30 Simple Tips For Growing In Raised Garden Beds
Raised garden beds are a great way to grow vegetables and flowers, without a lot of the problems gardeners face when planting directly in the ground.
A few benefits of raised garden beds include:
- Fewer weeds. Because you’re starting with fresh, weed free soil, you’ll have fewer weeds to deal with compared to in-ground gardens.
- Great soil from the very start. This is a great thing for gardeners with rocky or heavy clay soils, or any kind of poor soil.
- Easier to work in because of their height, compared to ground level gardens. This makes them a great option for gardeners with mobility issues or those wanting to avoid back strain while gardening
I personally love raised bed gardening and have a dozen of them in my own backyard, growing everything from raspberries to cucumbers to marigolds. I highly recommend them to my coaching clients, because the chances of successful gardening are so much higher when growing in raised garden beds vs in-ground gardens.
Although your chances of success are much higher when growing in a raised garden bed, there are a few things to keep in mind to increase those chances. For that reason, I’ve put together a list of 30 tips for raised bed vegetable gardening and flower gardening.
This list includes everything from how to prepare soil for raised bed vegetable garden, what to put in a raised garden bed, and things to keep in mind when building and choosing a location for your raised beds.
Let’s get started!
30 tips for growing in raised bed gardens
- Choose the right location. Location is everything in gardening. When choosing a spot for raised beds, keep in mind the location of the sun throughout the year. Most flower and vegetable gardens need full sun, so choose a location that will receive at least 8 hours of sun during the growing season. You’ll also want to build them close to a water source, so you’re not dragging a hose over a long distance every time you need to water.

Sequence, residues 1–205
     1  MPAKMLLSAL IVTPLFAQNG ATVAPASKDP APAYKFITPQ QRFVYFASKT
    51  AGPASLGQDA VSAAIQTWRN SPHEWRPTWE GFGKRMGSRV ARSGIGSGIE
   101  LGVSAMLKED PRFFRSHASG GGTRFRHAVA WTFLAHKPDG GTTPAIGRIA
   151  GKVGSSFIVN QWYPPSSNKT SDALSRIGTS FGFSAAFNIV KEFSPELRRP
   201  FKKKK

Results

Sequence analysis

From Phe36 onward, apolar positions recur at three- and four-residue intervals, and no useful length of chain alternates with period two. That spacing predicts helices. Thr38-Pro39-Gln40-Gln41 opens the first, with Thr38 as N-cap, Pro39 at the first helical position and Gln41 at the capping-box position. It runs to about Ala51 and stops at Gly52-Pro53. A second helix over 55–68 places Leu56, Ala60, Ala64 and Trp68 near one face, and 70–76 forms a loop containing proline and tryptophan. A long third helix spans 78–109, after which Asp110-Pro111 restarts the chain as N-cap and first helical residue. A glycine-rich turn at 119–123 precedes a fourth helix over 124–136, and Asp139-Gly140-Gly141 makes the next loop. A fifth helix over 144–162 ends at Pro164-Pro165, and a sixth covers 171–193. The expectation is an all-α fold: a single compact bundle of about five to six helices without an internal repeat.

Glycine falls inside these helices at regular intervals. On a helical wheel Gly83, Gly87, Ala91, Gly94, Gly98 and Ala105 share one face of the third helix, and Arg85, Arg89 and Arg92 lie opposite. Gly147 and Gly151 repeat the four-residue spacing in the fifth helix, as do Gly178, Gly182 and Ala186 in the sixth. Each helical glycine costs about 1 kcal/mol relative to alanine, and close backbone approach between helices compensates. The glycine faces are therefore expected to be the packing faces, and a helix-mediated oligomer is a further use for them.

- Build a quality bed that will last. The materials you make your bed from will determine the life expectancy of your bed. For example, pine will rot and break down much faster than cedar, and 2 inch cedar boards will hold on longer than 1 inch. Stone will last much longer than cedar, and corrugated metal should last you 30-60 years.
- Choose the right size. Size matters, when it comes to raised beds. It’s recommended to make your beds no more than 4 feet wide. The typical reach of an arm is about 2 feet, so a 4 foot bed will allow you to comfortable reach the center from either side. 8 feet is a good length for a bed, and many boards are sold in an 8 foot length. Any longer, and your bed may start to bow in the middle over time.
- Consider the height. One of the benefits to raised beds is the height, which makes it easier to reach things when working in the garden. If you struggle with bending over, a 3 foot high bed may be best for you. If you’re just looking for better soil than your native soil, anything 12” or higher should suffice. For plants with deep root systems, it’s a good idea to build a bed at least 18″ deep.
- Prepare the soil. My favorite benefit of raised beds is the ability to start with perfect garden soil from the start. I even have a blog post with my go to raised bed soil recipe. After your first growing season, add a 2-inch layer of compost to the soil surface of your beds each fall. The organic material will break down over winter and continue feeding your soil, keeping your beds full of that light, fluffy, nutrient-rich soil you want to grow in.